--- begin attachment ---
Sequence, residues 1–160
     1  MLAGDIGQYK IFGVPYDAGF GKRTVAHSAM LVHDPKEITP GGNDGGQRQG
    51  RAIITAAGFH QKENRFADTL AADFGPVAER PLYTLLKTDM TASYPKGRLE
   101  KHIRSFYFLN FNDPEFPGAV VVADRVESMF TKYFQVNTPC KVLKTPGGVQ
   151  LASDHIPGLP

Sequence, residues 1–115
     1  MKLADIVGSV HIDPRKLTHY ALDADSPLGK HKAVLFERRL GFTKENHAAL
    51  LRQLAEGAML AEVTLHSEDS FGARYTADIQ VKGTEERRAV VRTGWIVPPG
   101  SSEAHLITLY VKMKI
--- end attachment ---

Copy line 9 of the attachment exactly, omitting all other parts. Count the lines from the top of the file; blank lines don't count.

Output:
   101  SSEAHLITLY VKMKI